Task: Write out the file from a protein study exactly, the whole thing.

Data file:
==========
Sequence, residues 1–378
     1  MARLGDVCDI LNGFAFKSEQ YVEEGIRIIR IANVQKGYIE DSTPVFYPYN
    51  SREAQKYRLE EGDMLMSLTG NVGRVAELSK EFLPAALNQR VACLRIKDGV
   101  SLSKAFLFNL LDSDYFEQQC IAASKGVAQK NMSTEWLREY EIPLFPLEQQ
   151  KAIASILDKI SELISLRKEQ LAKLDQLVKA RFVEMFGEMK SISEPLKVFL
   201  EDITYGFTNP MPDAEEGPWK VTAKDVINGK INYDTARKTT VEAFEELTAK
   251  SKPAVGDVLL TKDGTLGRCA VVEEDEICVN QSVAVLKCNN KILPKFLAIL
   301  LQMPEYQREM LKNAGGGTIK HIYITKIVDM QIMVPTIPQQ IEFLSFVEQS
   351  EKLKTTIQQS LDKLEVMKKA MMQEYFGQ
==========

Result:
Sequence, residues 1–378
     1  MARLGDVCDI LNGFAFKSEQ YVEEGIRIIR IANVQKGYIE DSTPVFYPYN
    51  SREAQKYRLE EGDMLMSLTG NVGRVAELSK EFLPAALNQR VACLRIKDGV
   101  SLSKAFLFNL LDSDYFEQQC IAASKGVAQK NMSTEWLREY EIPLFPLEQQ
   151  KAIASILDKI SELISLRKEQ LAKLDQLVKA RFVEMFGEMK SISEPLKVFL
   201  EDITYGFTNP MPDAEEGPWK VTAKDVINGK INYDTARKTT VEAFEELTAK
   251  SKPAVGDVLL TKDGTLGRCA VVEEDEICVN QSVAVLKCNN KILPKFLAIL
   301  LQMPEYQREM LKNAGGGTIK HIYITKIVDM QIMVPTIPQQ IEFLSFVEQS
   351  EKLKTTIQQS LDKLEVMKKA MMQEYFGQ